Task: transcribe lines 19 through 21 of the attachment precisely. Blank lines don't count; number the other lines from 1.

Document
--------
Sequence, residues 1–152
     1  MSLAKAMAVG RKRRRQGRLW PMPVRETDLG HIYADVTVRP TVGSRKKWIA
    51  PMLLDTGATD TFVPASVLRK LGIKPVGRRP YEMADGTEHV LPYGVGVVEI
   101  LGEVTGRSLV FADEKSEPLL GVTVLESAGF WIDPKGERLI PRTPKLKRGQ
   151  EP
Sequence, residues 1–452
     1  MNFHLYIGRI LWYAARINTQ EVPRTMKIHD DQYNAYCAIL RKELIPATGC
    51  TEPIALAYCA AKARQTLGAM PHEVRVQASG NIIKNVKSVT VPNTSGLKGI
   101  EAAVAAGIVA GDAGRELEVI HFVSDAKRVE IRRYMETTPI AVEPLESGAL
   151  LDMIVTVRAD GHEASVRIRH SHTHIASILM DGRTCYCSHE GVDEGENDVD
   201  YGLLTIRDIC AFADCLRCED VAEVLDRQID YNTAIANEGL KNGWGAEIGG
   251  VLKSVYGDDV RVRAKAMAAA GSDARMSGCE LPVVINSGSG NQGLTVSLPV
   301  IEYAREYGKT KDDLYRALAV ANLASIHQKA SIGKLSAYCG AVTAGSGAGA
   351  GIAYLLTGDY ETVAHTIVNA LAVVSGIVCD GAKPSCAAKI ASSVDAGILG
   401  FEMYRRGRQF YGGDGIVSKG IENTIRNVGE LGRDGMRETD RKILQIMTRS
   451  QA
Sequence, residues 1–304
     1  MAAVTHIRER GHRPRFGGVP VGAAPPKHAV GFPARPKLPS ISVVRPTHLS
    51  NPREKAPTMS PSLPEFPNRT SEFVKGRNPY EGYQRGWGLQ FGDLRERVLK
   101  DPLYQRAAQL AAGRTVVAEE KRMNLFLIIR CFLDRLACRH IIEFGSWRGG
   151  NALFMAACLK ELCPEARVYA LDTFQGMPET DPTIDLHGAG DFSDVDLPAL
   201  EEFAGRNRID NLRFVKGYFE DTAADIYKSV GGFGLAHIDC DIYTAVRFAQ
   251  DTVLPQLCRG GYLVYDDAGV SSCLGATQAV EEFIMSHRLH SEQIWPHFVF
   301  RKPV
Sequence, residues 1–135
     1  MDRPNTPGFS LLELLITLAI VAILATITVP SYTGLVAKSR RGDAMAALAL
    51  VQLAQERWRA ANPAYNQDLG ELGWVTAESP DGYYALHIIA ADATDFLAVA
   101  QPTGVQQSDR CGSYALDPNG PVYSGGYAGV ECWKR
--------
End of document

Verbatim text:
    51  NPREKAPTMS PSLPEFPNRT SEFVKGRNPY EGYQRGWGLQ FGDLRERVLK
   101  DPLYQRAAQL AAGRTVVAEE KRMNLFLIIR CFLDRLACRH IIEFGSWRGG
   151  NALFMAACLK ELCPEARVYA LDTFQGMPET DPTIDLHGAG DFSDVDLPAL